3. Write your first round of tests and see what hurts – now resolve those pains.

Limit the time spent on this first cycle and determine whether you should ask for time in advance or for forgiveness later – it’ll depend on your local context.

Round 2

4. Educate & support your team on what you’ve provided so far.

5. Get other team members to write their own round of unit tests (treat it “as  an experiment” if there’s concerns over the effort required). See what hurts and resolve those pains.

6. Encourage and develop shared long-term ownership of the test harness, test data, stubs and mocks (if used).

Remember you’re setting the tone. If someone needs something that isn’t available, pair up, help them provide it and share the results with the team. Don’t leave them alone but don’t do it for them either.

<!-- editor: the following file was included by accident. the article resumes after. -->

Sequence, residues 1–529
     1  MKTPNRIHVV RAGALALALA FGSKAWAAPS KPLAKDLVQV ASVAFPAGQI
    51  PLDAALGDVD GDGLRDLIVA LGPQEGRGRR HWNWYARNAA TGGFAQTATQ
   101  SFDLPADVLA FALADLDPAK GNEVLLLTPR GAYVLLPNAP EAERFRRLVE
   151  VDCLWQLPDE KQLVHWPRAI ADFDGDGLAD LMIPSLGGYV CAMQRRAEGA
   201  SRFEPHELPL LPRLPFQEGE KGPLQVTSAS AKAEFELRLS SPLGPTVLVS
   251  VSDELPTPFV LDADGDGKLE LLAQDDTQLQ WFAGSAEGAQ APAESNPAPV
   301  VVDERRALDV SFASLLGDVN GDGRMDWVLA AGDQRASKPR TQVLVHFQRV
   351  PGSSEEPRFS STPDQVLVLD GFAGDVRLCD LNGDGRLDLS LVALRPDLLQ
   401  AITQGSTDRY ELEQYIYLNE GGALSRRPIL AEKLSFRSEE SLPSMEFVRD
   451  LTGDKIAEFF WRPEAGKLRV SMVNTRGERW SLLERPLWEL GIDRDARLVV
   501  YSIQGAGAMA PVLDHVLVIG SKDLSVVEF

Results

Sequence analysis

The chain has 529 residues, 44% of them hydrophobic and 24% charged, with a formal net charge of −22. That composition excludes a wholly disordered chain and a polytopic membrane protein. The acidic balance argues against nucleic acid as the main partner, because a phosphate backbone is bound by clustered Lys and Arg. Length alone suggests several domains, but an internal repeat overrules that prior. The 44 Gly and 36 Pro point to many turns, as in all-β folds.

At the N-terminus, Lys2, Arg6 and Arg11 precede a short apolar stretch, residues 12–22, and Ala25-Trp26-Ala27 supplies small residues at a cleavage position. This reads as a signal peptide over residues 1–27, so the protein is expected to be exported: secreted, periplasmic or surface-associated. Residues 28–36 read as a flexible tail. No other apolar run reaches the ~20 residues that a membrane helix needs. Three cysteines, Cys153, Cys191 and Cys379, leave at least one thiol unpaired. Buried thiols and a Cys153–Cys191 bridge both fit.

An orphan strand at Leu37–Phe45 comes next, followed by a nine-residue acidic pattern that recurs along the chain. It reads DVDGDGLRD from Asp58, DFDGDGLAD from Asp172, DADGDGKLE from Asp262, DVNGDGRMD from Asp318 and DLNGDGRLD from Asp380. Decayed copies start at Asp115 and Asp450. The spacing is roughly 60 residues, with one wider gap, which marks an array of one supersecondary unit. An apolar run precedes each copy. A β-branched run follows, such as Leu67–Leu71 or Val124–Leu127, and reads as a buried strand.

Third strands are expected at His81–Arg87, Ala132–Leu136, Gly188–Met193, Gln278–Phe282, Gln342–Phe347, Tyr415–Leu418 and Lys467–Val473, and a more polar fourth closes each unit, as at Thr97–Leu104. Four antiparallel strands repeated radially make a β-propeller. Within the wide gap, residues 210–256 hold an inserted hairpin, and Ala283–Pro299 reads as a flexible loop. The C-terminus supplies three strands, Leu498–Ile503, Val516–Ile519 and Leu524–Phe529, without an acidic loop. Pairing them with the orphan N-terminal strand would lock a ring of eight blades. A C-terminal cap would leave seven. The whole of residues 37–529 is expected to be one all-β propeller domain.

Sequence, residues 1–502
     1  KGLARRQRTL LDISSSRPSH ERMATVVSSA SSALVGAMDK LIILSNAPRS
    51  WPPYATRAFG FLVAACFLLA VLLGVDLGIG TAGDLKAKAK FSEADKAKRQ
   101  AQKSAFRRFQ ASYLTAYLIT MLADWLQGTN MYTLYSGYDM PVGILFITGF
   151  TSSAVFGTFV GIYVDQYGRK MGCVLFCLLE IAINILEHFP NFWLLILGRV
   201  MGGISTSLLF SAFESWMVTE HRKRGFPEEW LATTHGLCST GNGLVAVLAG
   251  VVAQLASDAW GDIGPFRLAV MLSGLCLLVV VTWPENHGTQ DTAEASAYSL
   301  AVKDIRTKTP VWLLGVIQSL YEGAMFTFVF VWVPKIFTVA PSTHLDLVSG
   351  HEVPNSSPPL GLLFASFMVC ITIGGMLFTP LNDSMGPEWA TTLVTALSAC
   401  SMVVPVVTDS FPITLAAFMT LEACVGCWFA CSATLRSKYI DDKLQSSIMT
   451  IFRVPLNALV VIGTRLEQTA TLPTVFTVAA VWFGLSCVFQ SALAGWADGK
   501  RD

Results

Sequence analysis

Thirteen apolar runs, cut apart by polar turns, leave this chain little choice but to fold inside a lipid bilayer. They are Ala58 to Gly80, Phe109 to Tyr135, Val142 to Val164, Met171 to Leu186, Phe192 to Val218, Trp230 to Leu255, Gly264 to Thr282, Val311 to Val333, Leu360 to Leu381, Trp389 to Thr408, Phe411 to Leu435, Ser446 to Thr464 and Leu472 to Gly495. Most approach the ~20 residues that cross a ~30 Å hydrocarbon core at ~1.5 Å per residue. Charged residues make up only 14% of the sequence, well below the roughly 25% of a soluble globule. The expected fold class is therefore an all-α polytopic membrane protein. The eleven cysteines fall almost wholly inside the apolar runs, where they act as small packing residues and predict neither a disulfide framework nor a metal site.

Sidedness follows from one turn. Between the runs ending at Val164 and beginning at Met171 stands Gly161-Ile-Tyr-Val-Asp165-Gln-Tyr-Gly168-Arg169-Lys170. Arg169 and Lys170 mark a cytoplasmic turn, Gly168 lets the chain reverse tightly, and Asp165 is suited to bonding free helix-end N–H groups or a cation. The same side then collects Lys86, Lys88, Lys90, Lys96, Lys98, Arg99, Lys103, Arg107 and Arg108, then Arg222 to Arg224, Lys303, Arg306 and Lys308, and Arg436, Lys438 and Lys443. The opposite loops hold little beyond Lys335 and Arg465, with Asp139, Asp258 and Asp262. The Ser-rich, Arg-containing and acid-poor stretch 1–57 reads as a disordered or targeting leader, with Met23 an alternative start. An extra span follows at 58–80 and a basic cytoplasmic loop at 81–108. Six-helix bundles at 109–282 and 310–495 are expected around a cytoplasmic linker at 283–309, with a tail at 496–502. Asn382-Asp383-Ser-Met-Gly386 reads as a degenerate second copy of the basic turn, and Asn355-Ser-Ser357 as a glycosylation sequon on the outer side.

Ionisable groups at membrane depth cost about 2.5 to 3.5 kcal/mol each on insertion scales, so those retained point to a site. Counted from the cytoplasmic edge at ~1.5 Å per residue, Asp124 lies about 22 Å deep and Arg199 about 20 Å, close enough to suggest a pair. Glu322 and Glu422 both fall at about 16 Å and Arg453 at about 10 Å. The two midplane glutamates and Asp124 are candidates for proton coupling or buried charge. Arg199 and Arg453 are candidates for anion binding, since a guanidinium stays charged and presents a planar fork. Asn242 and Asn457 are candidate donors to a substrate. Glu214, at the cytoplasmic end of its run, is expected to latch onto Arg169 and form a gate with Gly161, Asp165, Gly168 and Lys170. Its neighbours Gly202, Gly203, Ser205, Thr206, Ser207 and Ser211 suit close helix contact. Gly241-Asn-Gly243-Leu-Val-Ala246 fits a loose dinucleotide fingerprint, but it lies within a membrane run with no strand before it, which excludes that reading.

Round 3

7. Repeat round 2 during development until writing tests is fast, easy and natural. (Don’t give up too soon – this is hard work and takes time!)

8. Capture any “wins” and “losses” during this cycle – what benefits are you seeing and what new pains are coming through?

9. Review the wins & losses. Decide what to do about the losses and how to promote the wins up the management chain and across the team. For example either publicise as you go or use as fuel for your retrospectives.

Think about the positive impact that little bit of extra effort and ownership has on you and your team in leading by example – doing a great job that others will want to share, not just a good job.